It’s time for a ballistics lesson north of the Gaza Strip. An Israeli policeman tells a group of foreign journalists about the dangers of the Palestinian rockets.
“We are the interface with the press,” says Michael Oren, an Israeli army spokesman. “We explain what the army does, what its objectives are. We also talk about the difficulties that the army faces and try to keep you informed about the situation inside Gaza as well as we can.”
There are dozens of foreign journalists around him. They’re still waiting to enter the Palestinian enclave on the other side of the hill.
Without the army’s permission, they will only be able to hear the news from Gaza as reported by the various spokespeople who crisscross the Gaza perimeter.
Lesson drawn from the Second Lebanon War
A few kilometers from there, the Israeli government opened a press centre for foreign journalists with internet access, phones and coffee stands. Spokespeople fluent in several languages are on hand to answer questions from he press.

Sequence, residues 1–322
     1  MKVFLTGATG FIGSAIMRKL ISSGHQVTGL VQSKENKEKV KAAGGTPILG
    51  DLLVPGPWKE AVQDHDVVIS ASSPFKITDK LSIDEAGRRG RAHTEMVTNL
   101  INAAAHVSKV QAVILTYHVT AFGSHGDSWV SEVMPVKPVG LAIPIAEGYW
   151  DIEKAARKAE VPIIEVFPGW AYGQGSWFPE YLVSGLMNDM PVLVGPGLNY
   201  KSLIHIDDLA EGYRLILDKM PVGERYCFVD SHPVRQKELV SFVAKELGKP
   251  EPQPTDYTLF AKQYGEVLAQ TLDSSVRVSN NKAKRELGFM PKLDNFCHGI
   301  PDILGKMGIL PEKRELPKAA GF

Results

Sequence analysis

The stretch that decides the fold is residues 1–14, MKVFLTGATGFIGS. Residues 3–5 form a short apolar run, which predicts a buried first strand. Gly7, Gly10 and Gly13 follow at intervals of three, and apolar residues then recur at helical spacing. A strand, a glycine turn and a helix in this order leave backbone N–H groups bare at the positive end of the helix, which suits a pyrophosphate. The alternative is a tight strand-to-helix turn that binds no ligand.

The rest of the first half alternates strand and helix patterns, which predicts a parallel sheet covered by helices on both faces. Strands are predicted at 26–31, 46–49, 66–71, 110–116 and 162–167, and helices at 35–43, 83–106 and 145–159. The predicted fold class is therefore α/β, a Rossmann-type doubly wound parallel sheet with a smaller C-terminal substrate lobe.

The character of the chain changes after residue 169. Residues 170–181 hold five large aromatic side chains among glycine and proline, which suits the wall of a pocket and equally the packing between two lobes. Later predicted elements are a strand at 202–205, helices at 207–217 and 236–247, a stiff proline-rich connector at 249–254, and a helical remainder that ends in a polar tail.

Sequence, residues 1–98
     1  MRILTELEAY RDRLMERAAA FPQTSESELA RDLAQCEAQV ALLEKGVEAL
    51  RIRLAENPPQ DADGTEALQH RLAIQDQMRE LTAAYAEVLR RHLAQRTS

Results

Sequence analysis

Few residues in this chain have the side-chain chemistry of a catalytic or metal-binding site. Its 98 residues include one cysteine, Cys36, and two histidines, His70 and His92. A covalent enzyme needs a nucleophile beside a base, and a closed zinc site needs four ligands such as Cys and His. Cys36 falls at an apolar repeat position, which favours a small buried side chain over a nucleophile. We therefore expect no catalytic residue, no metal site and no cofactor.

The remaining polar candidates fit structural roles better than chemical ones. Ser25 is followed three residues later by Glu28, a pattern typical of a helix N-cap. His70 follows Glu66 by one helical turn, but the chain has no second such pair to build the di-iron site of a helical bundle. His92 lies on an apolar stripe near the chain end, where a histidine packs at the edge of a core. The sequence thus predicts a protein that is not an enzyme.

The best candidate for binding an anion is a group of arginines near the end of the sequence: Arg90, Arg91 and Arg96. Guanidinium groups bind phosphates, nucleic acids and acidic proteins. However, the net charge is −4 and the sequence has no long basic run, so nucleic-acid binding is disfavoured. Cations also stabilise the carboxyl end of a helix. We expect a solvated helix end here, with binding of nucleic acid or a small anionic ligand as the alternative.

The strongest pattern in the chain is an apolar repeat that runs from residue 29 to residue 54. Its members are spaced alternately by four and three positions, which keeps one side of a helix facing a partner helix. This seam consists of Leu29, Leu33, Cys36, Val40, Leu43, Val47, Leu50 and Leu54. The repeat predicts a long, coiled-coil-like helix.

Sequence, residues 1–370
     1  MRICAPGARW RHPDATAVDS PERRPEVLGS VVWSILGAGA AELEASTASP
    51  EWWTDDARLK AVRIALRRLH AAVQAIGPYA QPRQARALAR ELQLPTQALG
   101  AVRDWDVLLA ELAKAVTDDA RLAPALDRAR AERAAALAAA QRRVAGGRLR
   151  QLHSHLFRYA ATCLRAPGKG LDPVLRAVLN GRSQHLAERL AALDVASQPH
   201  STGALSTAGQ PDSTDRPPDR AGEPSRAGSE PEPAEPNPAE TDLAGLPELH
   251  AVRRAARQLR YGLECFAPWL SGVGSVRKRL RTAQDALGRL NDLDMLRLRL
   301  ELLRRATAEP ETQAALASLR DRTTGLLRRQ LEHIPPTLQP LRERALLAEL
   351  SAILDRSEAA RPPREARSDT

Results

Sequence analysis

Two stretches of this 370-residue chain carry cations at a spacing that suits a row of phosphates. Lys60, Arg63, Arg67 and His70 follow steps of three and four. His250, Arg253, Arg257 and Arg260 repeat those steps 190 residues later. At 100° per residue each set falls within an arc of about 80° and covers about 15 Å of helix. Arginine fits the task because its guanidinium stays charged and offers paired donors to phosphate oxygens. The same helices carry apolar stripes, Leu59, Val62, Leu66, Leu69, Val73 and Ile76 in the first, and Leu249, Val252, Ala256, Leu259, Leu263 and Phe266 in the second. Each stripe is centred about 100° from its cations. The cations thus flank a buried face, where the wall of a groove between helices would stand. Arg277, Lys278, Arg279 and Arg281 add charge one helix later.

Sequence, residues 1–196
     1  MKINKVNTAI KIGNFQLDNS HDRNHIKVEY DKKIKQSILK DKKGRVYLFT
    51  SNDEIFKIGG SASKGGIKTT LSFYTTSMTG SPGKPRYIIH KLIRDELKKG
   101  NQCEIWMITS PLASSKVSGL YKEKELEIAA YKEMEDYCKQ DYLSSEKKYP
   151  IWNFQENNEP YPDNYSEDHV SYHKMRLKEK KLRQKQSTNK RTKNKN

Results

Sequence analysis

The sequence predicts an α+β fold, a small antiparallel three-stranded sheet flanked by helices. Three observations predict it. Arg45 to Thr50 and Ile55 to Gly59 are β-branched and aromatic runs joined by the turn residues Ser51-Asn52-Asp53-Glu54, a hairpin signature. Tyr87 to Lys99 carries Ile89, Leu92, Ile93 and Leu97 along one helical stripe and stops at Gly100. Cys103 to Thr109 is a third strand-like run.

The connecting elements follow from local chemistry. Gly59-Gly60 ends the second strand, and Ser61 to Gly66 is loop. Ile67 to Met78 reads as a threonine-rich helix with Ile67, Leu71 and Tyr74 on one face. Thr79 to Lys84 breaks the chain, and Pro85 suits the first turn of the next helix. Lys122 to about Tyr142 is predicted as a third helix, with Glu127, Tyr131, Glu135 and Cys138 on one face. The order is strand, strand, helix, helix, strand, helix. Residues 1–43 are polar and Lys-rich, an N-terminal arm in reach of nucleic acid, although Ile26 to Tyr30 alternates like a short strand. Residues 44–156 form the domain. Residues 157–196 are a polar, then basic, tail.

The Israeli Foreign Ministry spokesman explains to journalists why they’re barred from Gaza. “Among the lessons we learned from the second Lebanon war – the 2006 Israeli-Lebanese conflict – we found out that we had to bar completely journalists from covering that conflict in the Gaza Strip,” Oren says. “They would give details about troop positions, moves and other tactic details without meaning to,” he said.
A ban that is not in Israel’s interests
For some journalists, this explanation is not enough. Moreover, it contradicts Israel’s interests.
“It’s a shame for Israel’s reputation because we still get some Gaza news through the footage shot by Palestinian cameramen,” says Claudio Pagliara, a RAI correspondent in Jerusalem.
Claudio’s wishes may come true. The Israeli Supreme Court recently ruled that a small number of foreign journalists should be allowed to enter Gaza.
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